External accountability and validation

It’s one thing to mark your own work, but it’s also invaluable to get someone who knows what they’re doing to make sure that you’re not missing anything. Organisations such as the ISO conduct audits of businesses’ operations and provide certification for those that meet the required standards. Another option is to apply to become a certified B-Corp. The highly regarded B Corporation certification highlights where you are in your sustainability – and entire CSR – journey and gives you clear instructions as to what you need to do to achieve certification.

Participate in a carbon-offsetting programme

Firstly, it is important to invest in ways of reducing your carbon footprint before considering offsetting options. Carbon offsetting is the process whereby your business buys ‘carbon credits’ to remove the same amount of carbon from the atmosphere as your business has emitted over a given period of time. This is becoming a popular option with organisations for whom net-zero is currently infeasible. A good TMC partner will be able to recommend credible partners to ensure that your credits are invested effectively. A word of warning though, it is an area in which greater regulation is expected to prevent organisations from effectively buying their way out of their environmental obligations.

Supply-chain audit

Evaluating the partners that you do business with, and their partners, is also a crucial consideration. Your supply chain is something that will come under increased scrutiny in the future, and ensuring all parties are adhering to sustainability best practices is key. For most businesses that begin to take sustainability seriously, the supply chain is where there is significant room for improvement. Set benchmarks for your suppliers and track their performance. Ensure that your TMC works with you to recommend the businesses which have the highest credentials in this area and which are aligned to your values with regards to improvement.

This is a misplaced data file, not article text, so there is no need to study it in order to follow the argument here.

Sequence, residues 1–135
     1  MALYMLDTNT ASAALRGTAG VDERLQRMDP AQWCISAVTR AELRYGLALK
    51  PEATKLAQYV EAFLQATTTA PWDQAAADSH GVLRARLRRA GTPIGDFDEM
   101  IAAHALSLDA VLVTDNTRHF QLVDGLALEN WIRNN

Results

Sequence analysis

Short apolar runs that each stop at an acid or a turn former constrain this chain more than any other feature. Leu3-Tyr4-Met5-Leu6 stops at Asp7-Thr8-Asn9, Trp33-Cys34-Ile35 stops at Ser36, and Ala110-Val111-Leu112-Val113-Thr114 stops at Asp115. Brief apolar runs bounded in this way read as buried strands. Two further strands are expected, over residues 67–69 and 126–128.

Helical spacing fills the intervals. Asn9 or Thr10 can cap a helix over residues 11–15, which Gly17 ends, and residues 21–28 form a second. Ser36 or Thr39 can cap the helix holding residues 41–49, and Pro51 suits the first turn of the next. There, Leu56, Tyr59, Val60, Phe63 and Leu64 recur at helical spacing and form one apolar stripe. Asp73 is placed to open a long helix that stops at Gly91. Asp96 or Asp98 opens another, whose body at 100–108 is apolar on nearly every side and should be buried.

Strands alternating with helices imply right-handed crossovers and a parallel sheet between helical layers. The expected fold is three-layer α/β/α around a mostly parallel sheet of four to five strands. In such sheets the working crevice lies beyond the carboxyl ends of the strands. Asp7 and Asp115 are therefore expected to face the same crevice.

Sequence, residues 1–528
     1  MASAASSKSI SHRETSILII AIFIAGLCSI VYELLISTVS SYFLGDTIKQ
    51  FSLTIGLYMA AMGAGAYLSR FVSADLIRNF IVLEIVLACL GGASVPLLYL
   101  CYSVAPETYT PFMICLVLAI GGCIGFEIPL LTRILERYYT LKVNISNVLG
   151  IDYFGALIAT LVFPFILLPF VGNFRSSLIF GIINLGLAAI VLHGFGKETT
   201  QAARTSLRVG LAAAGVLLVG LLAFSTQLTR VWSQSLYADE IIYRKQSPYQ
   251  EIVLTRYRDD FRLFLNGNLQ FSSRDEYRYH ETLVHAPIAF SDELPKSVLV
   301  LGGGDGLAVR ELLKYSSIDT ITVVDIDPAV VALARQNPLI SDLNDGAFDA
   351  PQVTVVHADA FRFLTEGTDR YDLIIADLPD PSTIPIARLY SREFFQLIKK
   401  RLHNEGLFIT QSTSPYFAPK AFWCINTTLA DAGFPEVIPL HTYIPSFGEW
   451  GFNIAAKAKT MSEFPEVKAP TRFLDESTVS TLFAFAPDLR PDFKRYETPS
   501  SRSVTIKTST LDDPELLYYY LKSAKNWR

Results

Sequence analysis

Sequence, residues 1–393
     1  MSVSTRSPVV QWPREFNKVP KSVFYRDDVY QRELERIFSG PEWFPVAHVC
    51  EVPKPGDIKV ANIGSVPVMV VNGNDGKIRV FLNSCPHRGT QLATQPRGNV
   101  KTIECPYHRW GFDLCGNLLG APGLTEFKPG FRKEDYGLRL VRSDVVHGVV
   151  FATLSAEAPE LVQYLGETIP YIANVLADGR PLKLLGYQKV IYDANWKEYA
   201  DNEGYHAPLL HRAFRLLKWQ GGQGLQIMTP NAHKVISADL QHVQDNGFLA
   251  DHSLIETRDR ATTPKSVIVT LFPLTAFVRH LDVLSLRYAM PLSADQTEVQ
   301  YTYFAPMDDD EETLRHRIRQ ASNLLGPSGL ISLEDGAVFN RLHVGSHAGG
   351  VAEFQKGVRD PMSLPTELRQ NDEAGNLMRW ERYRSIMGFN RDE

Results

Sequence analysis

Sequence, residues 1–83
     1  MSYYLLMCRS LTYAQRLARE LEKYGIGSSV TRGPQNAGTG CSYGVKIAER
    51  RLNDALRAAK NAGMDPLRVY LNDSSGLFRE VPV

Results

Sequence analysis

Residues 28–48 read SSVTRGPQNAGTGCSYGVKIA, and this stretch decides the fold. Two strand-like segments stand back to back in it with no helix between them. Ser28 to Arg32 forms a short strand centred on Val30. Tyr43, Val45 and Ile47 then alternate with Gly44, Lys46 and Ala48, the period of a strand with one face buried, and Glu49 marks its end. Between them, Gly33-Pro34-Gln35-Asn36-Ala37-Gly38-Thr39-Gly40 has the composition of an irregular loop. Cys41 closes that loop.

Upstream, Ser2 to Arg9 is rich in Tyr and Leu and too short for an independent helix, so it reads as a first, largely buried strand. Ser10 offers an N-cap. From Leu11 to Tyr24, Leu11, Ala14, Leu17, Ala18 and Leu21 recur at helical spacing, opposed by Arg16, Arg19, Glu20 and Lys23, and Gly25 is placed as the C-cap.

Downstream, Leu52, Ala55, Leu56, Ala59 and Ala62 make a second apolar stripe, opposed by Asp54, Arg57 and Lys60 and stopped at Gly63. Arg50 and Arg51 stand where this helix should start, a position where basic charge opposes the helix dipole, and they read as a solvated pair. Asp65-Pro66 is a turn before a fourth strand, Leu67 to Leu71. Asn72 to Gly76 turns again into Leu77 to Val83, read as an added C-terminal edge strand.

In addition, it is important to ensure that the responsibility for carbon-offsetting is not simply a cost that gets passed along the supply chain. Several companies assume that certain scope emissions are the concern of others and responsibility is passed between parties. For example, is the trip to a client the responsibility of the corporate to offset or the client who asked them to travel? It is easy for a significant amount of travel carbon footprint to be disregarded by both parties and fall in between the cracks.

In the lead up to COP26, Alok Sharma revealed that the world’s largest companies have almost $1 trillion of assets at risk from climate impacts and the potential to gain double that by embracing the green economy. And the rewards go far beyond the bottom line. The travel industry is continually innovating, from engineering ingenuity to create more fuel-efficient transport options, to the development of inventive policies and business practices that put sustainability first. For the businesses which decide to lead the way in sustainability, it is an exciting future. will be held in Glasgow October 31 to November 12 2021